What To Expect on Final Exam
The final exam will cover topics discussed since the midterm.
Final exam questions will be drawn primarily from the following sections
of the reading:
For each of the bullet items above, there will be roughly one
except two or three questions on chapter 11,
and two or three on wavelets.
You are also urged to review the lecture
notes, of course.
In Heath ch. 7, Interpolation: sections 7.1.3-4, 7.2.6, 7.3.0 (by that I
mean the portions of 7.3 before 7.3.1).
In Heath ch. 8, Integration & Differentiation: sections 8.1.1, 8.2.1,
In Heath ch. 9, IVP: 9.1, 9.2, 9.3.2, 9.4.
In Heath ch. 10, BVP: 10.1-5.
In Heath ch. 11, PDE & iterative methods:
11.1.1, 11.3, 11.5.2-3, 11.5.5-7, 11.6.
(You might be asked about the computational complexity
for some of the iterative methods given information about the
eigenvalues and sparseness of the matrices).
In Burrus, the following chapters/sections: 1, 2.1-4,
(also figures 2.11, 2.12, 2.16),
3.1-2, 5.0-1 (pages 50-51), 5.5, 5.7, 6.1 (defn. of moment).
Note that you can skip the rest of chapter 6 entirely.
Make sure you know the definitions of: scaling function,
wavelet function, nested function space, analysis,
synthesis, wavelet transform, refinement equation,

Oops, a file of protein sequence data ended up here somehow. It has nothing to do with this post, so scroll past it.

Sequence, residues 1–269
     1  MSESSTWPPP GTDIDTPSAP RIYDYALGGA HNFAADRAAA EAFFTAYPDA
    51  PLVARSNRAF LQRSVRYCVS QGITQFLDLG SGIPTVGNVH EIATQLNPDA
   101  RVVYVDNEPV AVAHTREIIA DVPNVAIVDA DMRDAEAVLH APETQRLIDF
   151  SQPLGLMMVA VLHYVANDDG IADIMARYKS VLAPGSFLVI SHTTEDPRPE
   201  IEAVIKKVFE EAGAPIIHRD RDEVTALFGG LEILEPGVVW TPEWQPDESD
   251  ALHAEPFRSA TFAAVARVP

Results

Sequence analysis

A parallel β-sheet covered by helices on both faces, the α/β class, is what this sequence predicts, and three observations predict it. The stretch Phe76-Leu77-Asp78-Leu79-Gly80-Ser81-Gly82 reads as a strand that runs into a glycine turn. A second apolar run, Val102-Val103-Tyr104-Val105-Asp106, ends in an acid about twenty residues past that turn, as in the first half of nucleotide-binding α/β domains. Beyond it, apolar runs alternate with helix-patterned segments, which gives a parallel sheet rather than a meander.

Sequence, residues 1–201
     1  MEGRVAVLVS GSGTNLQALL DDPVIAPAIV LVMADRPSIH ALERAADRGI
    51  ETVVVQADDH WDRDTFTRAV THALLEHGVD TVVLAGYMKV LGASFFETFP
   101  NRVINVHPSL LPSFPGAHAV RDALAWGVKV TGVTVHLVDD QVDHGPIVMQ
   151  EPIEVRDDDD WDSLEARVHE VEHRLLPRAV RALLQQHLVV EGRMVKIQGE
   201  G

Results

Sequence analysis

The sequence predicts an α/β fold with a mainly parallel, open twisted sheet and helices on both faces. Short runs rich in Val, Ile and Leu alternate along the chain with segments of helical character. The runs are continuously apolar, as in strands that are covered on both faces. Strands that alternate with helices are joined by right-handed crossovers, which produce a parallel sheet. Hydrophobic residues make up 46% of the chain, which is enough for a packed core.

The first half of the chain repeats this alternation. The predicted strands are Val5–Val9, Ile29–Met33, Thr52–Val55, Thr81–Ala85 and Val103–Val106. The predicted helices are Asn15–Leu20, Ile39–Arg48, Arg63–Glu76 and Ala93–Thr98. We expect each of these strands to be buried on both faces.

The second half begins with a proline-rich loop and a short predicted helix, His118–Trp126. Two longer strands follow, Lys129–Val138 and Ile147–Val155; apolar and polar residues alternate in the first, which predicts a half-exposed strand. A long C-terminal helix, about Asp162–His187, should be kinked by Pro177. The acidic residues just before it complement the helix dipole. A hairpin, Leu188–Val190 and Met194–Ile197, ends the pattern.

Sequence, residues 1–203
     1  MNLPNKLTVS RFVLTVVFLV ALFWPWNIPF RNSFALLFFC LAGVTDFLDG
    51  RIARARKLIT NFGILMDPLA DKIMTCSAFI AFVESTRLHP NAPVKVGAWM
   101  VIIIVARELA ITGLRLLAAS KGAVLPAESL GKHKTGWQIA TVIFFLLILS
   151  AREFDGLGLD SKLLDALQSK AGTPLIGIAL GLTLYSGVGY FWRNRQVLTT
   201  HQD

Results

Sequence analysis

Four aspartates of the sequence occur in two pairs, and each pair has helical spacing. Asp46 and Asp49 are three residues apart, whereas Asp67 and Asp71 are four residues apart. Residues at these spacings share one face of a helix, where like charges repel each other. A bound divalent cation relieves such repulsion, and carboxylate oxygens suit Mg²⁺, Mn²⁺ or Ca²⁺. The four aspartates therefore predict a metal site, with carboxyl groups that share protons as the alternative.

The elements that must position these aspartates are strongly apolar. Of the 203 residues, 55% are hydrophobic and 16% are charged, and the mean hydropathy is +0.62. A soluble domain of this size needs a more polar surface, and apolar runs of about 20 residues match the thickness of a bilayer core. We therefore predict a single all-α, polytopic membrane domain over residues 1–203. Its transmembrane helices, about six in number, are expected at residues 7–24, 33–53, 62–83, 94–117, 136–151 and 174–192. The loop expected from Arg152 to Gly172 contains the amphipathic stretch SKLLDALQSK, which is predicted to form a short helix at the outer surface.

scaling coefficient (h), wavelet coefficient (h1),
vanishing moment, compact support.
In Bern-Plassmann paper, 1.2, 4.1, 4.4, 4.5.
The theoretical results discussed in this paper but not
discussed in lecture will not be tested on.
Exam questions will stress conceptual understanding primarily.
Knowing the definitions of key concepts and the strengths and weaknesses
of various methods is more important, to me, than memorizing formulas.
When and if detailed, advanced
formulas are needed for a problem (e.g. defn. of a Fourier
Transform, wavelet refinement equation, convergence rate of conjugate gradients,
formulas for conjugate gradients), they will be provided.
You are, however, expected to have memorized more elementary formulas and
facts, e.g. the basic formula for function representation using basis
functions, Euler's method, Taylor series, computational cost of Gaussian
elimination, moment formula, ...
Exam will be closed book, closed notes, no computer.
Calculators will not be needed.
15-859B, Introduction to Scientific Computing
Paul Heckbert, 9 Dec. 2000, minor revision 10 Dec.